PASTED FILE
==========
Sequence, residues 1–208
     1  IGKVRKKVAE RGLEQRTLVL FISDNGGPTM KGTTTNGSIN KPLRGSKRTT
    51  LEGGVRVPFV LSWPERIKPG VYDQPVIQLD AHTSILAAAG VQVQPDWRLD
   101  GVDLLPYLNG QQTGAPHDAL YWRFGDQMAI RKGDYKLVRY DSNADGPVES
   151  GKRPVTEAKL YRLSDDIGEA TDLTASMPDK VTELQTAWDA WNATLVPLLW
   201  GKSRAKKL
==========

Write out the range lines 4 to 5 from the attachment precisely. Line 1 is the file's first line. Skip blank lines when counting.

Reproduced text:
   101  GVDLLPYLNG QQTGAPHDAL YWRFGDQMAI RKGDYKLVRY DSNADGPVES
   151  GKRPVTEAKL YRLSDDIGEA TDLTASMPDK VTELQTAWDA WNATLVPLLW